Britain on Wednesday became the first Western country to approve a Covid-19 vaccine for general use, announcing a rollout of Pfizer-BioNTech’s drug from next week in a historic advance for humanity’s fightback against the coronavirus.
“Help is on its way,” health secretary Matt Hancock tweeted as his department announced emergency use approval by the UK’s independent Medicines and Healthcare products Regulatory Agency (MHRA).
“The NHS (National Health Service) stands ready to start vaccinating early next week,” he said, noting: “The UK is the first country in the world to have a clinically approved vaccine for supply.”
The health ministry said priority groups to receive the jab will include care home residents, health and care staff, the elderly and the clinically extremely vulnerable.
An initial supply of 800,000 doses will be available, Hancock said. “This will start small and ramp up,” he told BBC radio, anticipating “millions of doses” to be available by the end of the year.
“We can see the dawn in the distance but we have to get through to the morning,” Hancock added, urging the public to continue respecting social restrictions in the meantime as England exited a four-week lockdown.
The breakthrough will encourage hopes the world can finally get back on course in 2021 after a year of traumatic losses, both human and economic.
The novel coronavirus has killed nearly 1.5 million people since the outbreak emerged in China 12 months ago. At least 63 million cases have been registered.
Other vaccines expected to come on stream soon include ones from Moderna and AstraZeneca/Oxford University.
The United States and Europe on Tuesday fleshed out plans to administer Covid-19 vaccines as soon as they gain approval, with a US panel recommending that health care workers and nursing home residents be given top priority.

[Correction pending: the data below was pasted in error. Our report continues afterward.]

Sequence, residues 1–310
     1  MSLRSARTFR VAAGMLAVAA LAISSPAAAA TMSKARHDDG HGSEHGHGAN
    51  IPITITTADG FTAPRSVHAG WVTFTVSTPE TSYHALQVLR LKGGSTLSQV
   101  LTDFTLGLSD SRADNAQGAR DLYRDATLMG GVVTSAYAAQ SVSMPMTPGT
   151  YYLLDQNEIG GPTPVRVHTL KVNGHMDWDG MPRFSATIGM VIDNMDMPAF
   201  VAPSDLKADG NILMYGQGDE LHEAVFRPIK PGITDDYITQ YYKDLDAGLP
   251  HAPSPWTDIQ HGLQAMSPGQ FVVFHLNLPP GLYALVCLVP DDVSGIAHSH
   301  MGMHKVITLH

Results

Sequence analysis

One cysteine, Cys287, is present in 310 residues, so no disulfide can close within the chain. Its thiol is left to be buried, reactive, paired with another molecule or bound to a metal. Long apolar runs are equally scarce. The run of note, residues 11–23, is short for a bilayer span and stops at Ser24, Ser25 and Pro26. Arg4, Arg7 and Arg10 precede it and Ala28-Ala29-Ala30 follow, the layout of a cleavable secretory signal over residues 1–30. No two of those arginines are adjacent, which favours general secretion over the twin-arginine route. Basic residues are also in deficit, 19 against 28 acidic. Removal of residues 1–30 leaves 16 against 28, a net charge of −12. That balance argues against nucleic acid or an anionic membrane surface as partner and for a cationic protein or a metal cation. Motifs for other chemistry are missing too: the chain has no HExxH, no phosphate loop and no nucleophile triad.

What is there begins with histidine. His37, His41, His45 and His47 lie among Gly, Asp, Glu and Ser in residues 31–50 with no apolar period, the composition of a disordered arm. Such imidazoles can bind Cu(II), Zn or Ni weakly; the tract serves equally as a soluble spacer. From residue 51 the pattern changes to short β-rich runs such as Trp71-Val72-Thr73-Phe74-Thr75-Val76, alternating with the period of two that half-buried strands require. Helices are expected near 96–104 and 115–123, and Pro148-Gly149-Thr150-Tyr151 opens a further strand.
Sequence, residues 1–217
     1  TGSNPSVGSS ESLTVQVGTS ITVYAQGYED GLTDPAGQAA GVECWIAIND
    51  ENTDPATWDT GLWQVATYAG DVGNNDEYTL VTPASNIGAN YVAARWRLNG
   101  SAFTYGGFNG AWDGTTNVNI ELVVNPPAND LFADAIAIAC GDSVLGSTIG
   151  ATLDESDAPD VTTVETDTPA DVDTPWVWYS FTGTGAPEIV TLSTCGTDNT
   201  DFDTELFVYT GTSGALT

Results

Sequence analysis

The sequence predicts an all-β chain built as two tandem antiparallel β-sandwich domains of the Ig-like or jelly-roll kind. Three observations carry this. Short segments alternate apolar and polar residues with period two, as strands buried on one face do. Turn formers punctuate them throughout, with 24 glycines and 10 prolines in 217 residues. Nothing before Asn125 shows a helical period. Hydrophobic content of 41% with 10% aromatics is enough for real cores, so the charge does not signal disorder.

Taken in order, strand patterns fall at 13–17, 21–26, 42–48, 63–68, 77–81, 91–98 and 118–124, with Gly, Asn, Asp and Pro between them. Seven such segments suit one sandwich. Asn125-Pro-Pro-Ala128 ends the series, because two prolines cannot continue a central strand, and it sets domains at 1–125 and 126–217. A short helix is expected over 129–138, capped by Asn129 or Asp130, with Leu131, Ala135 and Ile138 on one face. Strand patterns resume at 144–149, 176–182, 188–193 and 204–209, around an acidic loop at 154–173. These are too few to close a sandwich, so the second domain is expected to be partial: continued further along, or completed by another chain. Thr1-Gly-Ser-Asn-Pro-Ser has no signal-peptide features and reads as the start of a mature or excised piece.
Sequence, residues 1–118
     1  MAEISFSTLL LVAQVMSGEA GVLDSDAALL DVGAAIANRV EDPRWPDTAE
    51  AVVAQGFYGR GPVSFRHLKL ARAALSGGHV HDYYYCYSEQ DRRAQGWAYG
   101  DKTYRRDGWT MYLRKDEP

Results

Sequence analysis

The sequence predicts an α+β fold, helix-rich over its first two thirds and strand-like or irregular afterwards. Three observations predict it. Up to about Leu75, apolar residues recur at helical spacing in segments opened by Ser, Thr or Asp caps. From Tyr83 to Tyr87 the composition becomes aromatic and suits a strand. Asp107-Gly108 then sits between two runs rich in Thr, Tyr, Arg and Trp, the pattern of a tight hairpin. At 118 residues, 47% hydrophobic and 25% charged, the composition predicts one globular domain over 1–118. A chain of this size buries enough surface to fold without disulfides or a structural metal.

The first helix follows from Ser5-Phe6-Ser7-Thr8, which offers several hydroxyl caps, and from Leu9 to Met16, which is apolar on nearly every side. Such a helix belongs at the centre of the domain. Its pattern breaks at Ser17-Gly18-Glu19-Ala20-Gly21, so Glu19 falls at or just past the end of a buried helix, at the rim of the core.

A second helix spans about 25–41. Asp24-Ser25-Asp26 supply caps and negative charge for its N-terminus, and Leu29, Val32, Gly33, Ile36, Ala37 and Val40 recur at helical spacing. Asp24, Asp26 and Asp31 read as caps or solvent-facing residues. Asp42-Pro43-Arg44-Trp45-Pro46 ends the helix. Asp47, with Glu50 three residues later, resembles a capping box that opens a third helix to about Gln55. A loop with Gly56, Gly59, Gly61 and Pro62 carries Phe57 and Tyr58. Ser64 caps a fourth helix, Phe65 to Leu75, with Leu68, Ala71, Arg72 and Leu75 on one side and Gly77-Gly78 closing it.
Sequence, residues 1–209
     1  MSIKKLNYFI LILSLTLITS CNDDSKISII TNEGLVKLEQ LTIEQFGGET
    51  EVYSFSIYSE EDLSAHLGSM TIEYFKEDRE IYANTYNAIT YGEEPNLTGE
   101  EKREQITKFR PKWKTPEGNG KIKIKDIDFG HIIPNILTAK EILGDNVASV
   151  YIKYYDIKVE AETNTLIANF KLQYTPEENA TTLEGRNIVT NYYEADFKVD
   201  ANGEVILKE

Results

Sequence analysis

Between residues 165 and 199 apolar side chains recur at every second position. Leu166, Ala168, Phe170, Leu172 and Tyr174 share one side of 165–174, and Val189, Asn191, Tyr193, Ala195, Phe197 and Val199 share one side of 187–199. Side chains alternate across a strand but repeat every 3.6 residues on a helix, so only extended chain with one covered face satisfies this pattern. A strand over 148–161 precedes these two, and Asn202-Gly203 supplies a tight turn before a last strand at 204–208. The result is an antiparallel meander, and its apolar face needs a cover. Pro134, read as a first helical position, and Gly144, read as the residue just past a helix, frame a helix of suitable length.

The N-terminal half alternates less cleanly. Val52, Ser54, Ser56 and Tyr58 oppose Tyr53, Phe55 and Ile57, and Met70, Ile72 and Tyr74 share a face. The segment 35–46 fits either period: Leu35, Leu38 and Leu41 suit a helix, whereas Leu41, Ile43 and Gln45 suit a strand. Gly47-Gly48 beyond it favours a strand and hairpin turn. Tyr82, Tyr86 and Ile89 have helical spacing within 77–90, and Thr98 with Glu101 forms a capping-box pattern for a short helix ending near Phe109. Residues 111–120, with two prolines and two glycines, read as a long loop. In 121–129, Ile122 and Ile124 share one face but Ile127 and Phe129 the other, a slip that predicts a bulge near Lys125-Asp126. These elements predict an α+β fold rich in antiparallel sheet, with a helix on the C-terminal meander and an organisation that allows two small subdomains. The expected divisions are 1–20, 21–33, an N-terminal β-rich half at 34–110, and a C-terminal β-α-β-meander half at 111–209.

In the United States, an advisory panel of the Centers for Disease Control and Prevention proposed that health care workers and nursing home residents – 24 million people in total – be the first in line for Covid jabs.
Those two groups have accounted for about 40% of deaths thus far in the US, which has the world’s highest coronavirus toll. Britain has the highest toll in Europe.
The European Medicines Agency said it would hold an extraordinary meeting on December 29 “at the latest” to consider emergency approval for the vaccine developed by Germany’s BioNTech and US giant Pfizer.
‘Science will win’
After months of “rigorous” clinical trials and thorough analysis of the Pfizer-BioNTech data, the MHRA “concluded that the vaccine has met its strict standards of safety, quality and effectiveness,” the UK health ministry said in a statement.
“To aid the success of the vaccination program it is vital everyone continues to play their part and abide by the necessary restrictions in their area so we can further suppress the virus and allow the NHS to do its work without being overwhelmed.”
Pfizer chairman Albert Bourla said it was a “historic moment in the fight against Covid-19.”
“This authorization is a goal we have been working toward since we first declared that science will win, and we applaud the MHRA for their ability to conduct a careful assessment and take timely action to help protect the people of the UK,” he said.
Pfizer and BioNTech added that they expected further regulatory decisions from other countries “in the coming days and weeks.”
The announcement came as England exited its month-long coronavirus lockdown, but most of the country remained under restrictions as a new regional system for cutting infection rates kicked in.
‘Hold our nerve’
Prime Minister Boris Johnson, a Covid survivor, succeeded in winning a vote on the measures in parliament late Tuesday, despite significant opposition within his own Conservative ranks which underlined growing fatigue around the world with curbs.
“All we need to do now is to hold our nerve until these vaccines are indeed in our grasp and indeed being injected into our arms,” he told lawmakers before the vote.
Until then “we cannot afford to relax, especially during the cold months of winter,” he warned.
Russia was the first country to announce a successful vaccine candidate, the Sputnik V, and has begun a mass coronavirus vaccination campaign for its military. But the drug has not undergone Western clinical trials.
According to the World Health Organization, about 100 vaccine candidates are currently in development. Around a dozen of them are in the final phase three-stage when the shot is tested on tens of thousands of volunteers.
Campaigners and governments have stepped up calls to ensure poorer countries enjoy equal access to successful vaccines.